Facebook’s 22% Rally Helps Stock Avoid Worst IPO Return in U.S.
Facebook Inc. (FB)’s 22 percent rally in two weeks has helped the social-network operator avoid posting the biggest slump among the largest U.S. initial public offerings since the start of 2011.
Facebook, which set a record for technology companies by raising $16 billion last month, has unveiled new products and services after the shares tumbled to a low of $25.87 on June 5. PetroLogistics LP (PDH) dropped 20.4 percent in its first month of trading, or 3.1 percentage points more than Facebook, giving the propylene maker the worst return among the 30 largest IPOs since the beginning of last year, data compiled by Bloomberg show.
Concern Facebook was overvalued and that the company will struggle to increase revenue fast enough pushed the stock down as much as 32 percent from its IPO price of $38 on May 17. Since the shares bottomed earlier this month, Facebook introduced a real-time bidding platform to better target ads to consumers and ComScore Inc. released research that showed marketing on the social network is effective.
“Investors are starting to come around to see the significant opportunity of the Facebook platform,” Victor Anthony, a New York-based analyst at Topeka Capital Markets Inc., said in a telephone interview. He has a buy rating on the stock. “It was a botched IPO process but ultimately, the underwriters did their job. If the stock increasingly marches up, all the concerns will be tapered down.”
Facebook fell 1 percent to $31.60 in New York yesterday, near the $31.50 midpoint of the initial proposed price range. The world’s biggest social-networking company and Morgan Stanley faced criticism for increasing the number of shares to sell by 25 percent days before the offering and pushing the asking price to a range of $34 to $38 from $28 to $35.
The Menlo Park, California-based company’s initial trading day was marred by delays, cancellations and mishandled orders. Robert Greifeld, the chief executive officer of New York-based Nasdaq OMX Group Inc., said “poor design” in software driving IPO auctions caused the mishaps.
The IPO coincided with a retreat that erased almost $1 trillion from U.S. equities in May. Stocks in the Standard & Poor’s 500 Index fell 9.9 percent from April 2 through June 1 amid concern global growth will slow and Europe’s debt crisis will worsen. The benchmark gauge for U.S. stocks has since risen 6.1 percent.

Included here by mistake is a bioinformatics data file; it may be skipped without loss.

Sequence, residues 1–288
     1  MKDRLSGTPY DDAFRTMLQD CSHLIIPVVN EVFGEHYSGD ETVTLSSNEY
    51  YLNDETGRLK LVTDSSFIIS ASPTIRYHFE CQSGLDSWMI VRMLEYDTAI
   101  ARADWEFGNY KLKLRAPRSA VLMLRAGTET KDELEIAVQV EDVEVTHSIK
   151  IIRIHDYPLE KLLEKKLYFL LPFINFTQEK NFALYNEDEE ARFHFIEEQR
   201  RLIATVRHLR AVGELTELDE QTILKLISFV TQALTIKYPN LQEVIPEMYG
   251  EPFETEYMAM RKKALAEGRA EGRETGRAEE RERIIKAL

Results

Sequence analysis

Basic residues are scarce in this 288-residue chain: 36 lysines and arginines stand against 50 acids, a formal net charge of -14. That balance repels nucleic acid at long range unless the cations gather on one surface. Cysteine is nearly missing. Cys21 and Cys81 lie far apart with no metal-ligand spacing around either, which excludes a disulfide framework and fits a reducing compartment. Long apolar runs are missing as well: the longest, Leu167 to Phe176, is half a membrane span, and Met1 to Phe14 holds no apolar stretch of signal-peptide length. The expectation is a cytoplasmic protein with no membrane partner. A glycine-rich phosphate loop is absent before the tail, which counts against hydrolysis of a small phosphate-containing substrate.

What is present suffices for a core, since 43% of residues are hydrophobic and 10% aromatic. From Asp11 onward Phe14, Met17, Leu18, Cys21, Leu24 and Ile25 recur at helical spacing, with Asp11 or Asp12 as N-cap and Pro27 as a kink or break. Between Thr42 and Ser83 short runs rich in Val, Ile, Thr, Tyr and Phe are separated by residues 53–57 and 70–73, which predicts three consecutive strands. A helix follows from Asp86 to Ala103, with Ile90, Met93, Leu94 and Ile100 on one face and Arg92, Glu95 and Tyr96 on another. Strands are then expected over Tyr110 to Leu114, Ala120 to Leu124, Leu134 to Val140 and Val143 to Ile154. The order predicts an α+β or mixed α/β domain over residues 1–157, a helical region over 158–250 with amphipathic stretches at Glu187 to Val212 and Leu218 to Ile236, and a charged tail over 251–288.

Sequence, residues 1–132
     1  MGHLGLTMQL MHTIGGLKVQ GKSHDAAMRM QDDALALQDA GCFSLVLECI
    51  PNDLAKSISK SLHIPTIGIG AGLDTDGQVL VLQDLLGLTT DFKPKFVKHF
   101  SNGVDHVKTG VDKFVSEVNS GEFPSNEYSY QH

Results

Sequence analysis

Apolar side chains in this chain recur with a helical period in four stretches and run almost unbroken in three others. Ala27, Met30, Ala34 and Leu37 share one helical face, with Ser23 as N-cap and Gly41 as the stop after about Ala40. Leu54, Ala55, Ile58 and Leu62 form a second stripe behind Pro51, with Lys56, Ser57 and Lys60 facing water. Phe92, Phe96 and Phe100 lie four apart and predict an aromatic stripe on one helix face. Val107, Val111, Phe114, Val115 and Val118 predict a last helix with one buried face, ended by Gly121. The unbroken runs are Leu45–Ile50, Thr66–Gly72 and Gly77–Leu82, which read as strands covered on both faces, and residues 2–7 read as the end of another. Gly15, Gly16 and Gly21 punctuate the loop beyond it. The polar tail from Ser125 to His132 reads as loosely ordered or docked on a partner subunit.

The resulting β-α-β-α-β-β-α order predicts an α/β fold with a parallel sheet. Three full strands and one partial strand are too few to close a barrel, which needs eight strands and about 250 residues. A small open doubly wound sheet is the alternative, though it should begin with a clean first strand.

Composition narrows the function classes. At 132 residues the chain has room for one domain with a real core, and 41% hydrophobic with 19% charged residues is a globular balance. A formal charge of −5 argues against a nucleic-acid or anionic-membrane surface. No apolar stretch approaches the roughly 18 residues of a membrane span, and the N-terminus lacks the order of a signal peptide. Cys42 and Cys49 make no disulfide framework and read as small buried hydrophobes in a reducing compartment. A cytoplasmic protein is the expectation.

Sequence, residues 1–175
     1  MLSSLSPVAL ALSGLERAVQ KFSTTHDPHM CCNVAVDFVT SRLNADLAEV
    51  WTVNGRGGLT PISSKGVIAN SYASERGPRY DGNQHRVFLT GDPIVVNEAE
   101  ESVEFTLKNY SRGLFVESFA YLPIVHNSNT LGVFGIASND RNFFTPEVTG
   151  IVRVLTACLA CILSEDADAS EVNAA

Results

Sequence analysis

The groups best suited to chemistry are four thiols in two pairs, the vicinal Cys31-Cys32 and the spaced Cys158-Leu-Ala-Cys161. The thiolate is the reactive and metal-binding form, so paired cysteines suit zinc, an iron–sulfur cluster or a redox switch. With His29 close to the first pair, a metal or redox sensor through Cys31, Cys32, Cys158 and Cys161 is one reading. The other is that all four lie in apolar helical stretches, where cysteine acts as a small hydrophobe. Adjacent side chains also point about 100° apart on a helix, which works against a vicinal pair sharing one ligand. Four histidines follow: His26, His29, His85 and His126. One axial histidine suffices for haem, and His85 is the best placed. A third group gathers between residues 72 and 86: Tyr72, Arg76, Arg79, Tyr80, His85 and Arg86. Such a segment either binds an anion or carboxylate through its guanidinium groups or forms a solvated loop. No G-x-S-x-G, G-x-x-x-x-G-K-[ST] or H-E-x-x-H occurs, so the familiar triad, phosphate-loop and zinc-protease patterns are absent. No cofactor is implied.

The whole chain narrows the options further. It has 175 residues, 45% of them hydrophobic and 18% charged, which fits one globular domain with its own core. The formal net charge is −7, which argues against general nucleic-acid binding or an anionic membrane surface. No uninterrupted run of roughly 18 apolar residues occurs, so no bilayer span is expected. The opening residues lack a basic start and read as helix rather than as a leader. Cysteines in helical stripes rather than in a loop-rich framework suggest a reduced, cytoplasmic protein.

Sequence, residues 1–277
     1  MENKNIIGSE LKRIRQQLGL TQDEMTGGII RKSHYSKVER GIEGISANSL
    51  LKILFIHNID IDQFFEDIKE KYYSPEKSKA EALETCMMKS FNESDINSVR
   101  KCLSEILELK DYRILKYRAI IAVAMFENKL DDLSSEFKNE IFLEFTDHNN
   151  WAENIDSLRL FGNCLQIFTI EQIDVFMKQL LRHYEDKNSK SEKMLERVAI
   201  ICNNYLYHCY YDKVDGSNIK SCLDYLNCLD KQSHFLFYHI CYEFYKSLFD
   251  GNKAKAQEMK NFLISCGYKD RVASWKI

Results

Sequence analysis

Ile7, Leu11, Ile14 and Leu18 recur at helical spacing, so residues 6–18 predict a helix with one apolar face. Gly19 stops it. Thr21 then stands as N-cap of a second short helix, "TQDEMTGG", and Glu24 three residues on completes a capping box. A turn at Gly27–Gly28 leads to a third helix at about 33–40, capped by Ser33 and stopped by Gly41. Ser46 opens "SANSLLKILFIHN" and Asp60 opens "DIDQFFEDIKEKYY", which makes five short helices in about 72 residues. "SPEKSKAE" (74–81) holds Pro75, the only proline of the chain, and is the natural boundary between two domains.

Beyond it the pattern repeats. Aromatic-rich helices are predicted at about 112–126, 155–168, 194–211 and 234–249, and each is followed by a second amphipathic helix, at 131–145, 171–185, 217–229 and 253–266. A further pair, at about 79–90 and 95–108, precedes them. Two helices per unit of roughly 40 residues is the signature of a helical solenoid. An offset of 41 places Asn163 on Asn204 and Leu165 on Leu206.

Facebook along with Morgan Stanley, Goldman Sachs Group Inc., JPMorgan Chase & Co. and other underwriters were sued after the IPO last month by investors who said they didn’t publicly disclose lower revenue estimates before the share sale. In April, Facebook reported first-quarter profit fell 12 percent as sales growth slowed and marketing costs more than doubled.
“We’ll continue to exercise caution,” Richard Greenfield, an analyst at BTIG LLC who has a neutral rating on the stock, said in a phone interview. “The path to mobile monetization is unclear. Brands are still learning to use the Facebook platform.”
Facebook makes more than 80 percent of its revenue from advertising targeted to members who access the site on computers. In a filing ahead of its IPO, the company said advertising sales growth wasn’t keeping pace with user growth as more people access the site from mobile devices. Facebook didn’t introduce a mobile ad service until this year.
The stock may get an additional boost in the next week as the underwriters release their first public reports on the company, according to Martin Pyykkonen, a Greenwood Village, Colorado-based analyst at Wedge Partners Corp. The probable addition of Facebook’s shares to indexes run by Russell Investments may also propel gains, he said.
Facebook will join the Russell 1000 Index, according to BlackRock Inc., Credit Suisse Group AG, Investment Technology Group Inc. and Macquarie Group Ltd. The addition will probably prompt the purchase of 11.7 million shares by investors tracking the gauge, Macquarie said on June 11. Seattle-based Russell will post its final membership list for the measure of the biggest U.S. companies on June 25.
Other Internet companies including Zynga Inc. (ZNGA) and Groupon Inc. (GRPN) declined after their IPOs. Zynga fell 7.8 percent in its first month of trading, the fifth-biggest drop among the 30 largest U.S. IPOs since the start of 2011, data compiled by Bloomberg show. Groupon, the Chicago-based daily coupon website, dropped 4.8 percent.
“These companies are fairly new and investors are trying to understand where the valuation should be,” said Tom Taulli, who analyzes offerings for IPOPlaybook.com in Newport Beach, California. “Facebook has had a wake-up call. It realized it needed to show to Wall Street it has a path to monetization.”
Bloomberg moderates all comments. Comments that are abusive or off-topic will not be posted to the site. Excessively long comments may be moderated as well. Bloomberg cannot facilitate requests to remove comments or explain individual moderation decisions.